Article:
Gill Hedley

Curator & Contemporary Art Consultant

Archive 2018

Gill Hedley speaking at Site Gallery, Sheffield, in 2006

© Gill Hedley

Last updated 4 Feb 2019

Gill Hedley is an independent curator, writer and consultant on contemporary visual arts. This is an archive of projects, exhibitions, events and news she has been involved with. These stories are re-used elsewhere on the site as notes Divided by year - please use the menu below:

Dear Gill,

You and your friends are warmly invited to my talk: The Value of Fragments', at the British Academy, 22nd November 2018, 7.00pm (with reflections on my art residency at the British School at Athens). All are welcome! The event is free, and will be followed by a wine reception overlooking the Mall. Please find an invitation attached (PDF).

With best wishes,

Lorrice

picture of Lorrice dancing down steps
cover of book

I was commissioned to write a history of the Incorporated Church Building Society which celebrates its 200th anniversary this spring.

In the confused and debt-ridden years just after Waterloo a group of influential men persuaded the government to commit substantial funds to create churches in urban areas to cope with the influx of migrants from the countryside displaced by the Industrial Revolution. Extraordinarily, a grant of one million pounds was voted, followed swiftly by another half million. Yet the same group of men decided to raise their own funds with a greater emphasis on extending existing churches and making as many seats possible free to all worshippers.

ICBS finally became absorbed in to the National Churches Trust under the chairmanship of Michael Hoare, whose family provided many of the Treasurers from 1818 onwards. Hoares Bank has commissioned the book to support the work of NCT and it is published by Umbria Press.


→ see the link to buy the book (www)

St. Mary’s, Market Place, Ilkeston, Derbyshire,
1855. This 13th century parish church was
rebuilt between 1853 and 1855 by Thomas
Larkins Walker with a grant from ICBS. The
chantry chapel was rebuilt to accommodate
nearly 300 children and new seating, flooring,
heating and lighting were installed. It is listed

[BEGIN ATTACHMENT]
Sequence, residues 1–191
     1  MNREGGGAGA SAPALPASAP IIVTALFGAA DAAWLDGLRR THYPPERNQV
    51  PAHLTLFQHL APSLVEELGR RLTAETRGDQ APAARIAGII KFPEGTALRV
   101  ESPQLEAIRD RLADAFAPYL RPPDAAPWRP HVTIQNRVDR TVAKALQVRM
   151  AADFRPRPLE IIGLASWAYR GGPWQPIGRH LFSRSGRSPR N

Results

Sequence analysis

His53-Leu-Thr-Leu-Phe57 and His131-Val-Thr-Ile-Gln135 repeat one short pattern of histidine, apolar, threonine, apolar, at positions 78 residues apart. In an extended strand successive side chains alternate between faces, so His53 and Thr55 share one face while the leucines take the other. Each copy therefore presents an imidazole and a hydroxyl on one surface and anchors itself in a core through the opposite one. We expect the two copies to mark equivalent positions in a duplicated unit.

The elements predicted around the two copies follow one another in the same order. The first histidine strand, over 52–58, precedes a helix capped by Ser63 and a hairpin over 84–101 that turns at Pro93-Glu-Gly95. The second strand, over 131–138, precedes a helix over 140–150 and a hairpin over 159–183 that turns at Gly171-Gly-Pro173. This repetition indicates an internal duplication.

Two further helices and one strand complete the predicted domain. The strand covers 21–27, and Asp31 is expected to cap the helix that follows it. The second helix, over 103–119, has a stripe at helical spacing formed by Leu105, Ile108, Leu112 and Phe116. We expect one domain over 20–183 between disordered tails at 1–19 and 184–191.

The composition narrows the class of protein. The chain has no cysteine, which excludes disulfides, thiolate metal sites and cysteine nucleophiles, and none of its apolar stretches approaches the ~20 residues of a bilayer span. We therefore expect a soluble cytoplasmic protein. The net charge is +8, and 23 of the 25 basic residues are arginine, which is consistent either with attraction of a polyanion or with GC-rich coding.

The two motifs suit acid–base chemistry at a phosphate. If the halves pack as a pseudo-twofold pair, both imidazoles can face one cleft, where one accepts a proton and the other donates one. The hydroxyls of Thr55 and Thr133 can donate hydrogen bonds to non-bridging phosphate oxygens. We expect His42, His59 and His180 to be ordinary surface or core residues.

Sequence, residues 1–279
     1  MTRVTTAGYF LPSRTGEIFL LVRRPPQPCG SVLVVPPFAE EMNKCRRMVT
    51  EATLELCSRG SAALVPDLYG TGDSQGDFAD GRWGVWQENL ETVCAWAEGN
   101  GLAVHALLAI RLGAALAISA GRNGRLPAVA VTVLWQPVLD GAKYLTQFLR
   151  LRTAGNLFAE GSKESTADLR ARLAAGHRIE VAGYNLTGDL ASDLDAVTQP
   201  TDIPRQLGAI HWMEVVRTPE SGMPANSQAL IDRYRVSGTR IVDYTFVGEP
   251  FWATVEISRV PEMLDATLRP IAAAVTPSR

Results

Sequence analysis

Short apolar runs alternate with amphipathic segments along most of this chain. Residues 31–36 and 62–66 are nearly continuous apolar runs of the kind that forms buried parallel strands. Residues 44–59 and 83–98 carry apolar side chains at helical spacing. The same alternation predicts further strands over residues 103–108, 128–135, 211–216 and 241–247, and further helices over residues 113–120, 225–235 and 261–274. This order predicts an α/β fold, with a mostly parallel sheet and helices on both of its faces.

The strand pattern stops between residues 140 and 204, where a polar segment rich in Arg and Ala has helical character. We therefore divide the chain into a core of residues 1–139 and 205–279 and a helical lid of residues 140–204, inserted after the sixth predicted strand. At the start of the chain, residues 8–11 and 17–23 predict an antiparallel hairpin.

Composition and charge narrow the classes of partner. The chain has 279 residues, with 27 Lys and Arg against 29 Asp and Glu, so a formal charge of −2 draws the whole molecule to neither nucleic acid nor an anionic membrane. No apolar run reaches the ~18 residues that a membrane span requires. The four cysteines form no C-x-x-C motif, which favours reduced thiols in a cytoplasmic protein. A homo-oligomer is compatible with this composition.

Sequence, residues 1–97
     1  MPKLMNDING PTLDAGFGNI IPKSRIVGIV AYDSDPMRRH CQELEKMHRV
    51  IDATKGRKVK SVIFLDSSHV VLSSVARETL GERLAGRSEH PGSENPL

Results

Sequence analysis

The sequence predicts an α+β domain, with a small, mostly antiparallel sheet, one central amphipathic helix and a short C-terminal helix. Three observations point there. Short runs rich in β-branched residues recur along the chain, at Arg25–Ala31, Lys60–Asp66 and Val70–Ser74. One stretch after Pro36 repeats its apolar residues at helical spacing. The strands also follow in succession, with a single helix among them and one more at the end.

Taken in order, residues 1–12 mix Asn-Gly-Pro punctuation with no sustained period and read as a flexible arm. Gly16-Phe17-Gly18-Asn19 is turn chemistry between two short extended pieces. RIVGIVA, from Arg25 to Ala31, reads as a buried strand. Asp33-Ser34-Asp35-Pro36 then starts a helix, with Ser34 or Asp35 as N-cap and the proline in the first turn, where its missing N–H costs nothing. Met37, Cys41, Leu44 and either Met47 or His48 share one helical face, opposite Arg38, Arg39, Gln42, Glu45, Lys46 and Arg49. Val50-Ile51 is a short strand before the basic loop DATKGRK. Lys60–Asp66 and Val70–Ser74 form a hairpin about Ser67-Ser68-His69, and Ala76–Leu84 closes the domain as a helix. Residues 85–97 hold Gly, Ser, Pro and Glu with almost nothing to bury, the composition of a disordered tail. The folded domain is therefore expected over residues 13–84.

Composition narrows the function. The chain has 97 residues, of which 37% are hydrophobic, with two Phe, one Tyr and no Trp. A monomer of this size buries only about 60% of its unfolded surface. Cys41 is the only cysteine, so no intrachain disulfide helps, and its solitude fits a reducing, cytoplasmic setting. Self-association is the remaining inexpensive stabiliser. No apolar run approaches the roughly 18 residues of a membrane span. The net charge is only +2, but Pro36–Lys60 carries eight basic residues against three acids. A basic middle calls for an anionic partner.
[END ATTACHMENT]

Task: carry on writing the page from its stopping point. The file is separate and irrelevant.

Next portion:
Grade II* by National Heritage for England.
Photo credit: Erewash Borough Council.

After a long lazy summer I am pleased to let you know about three exhibitions with which I have NOT been directly involved! Though I am working closely with all three artists.


Lorrice Douglas is giving a lecture on 22 November in connection with her recent residency at the British School at Athens and I will send details nearer the time.

Meanwhile from 14th September Lorrice is showing as part of the fifth edition of the London Creative Network (LCN) Showcase (www). This illustrates how artists are continuously exploring new technologies and ideas to push contemporary art practice as a dynamic and engaged contribution to wider culture. The event is an expansive presentation of new developments and works in progress, ranging from collaborative pieces to interdisciplinary approaches and publications. It is an intersection between visual art, craft, digital technology, design and research.


Ann Sutton is in a group show The Most Real Thing (www) at the New Arts Centre, Roche Court, from 15th September.

The exhibition brings together diverse artists and makers to examine the ongoing relationship between sculpture and textiles, including work made using a range of techniques and media, from three-dimensional objects, contemporary painting, costume and performance to fabric, craft and design.

The title of the exhibition is taken from Anni Albers' 1938 essay Work with Material in which she claimed: "...we must come down to earth from the clouds where we live in vagueness and experience the most real thing there is: material."

at the opening

Ann Sutton's website (www)
summary of Ann's work on this site


Martha Orbach is at Lumen (www) from 28th September with White Out: a new story about a man and his brain. What happens when your brain malfunctions? You want to move but you're frozen. The team are trying to fix it - electricity, surgery, programming. In a series of prints and hand-drawn animation, White Out charts one man's attempt to understand what is happening to him and keep track of the line between himself and his symptoms. It is a collaboration between artist Martha Orbach and patients and staff at the National Hospital for Neurology and Neurosurgery. Private view: 6.30-8.30pm, Thursday 27th 2018 Open 12 - 6pm, 28th - 30th September 2018.

Ann Sutton’s exhibition Looking Through: Presenting new works by Ann Sutton will be at Winchester School of Art this summer 2018. They staged her exhibition of developmental studies - No Cheating - in 1995 and now she returns with an exhibition of new work.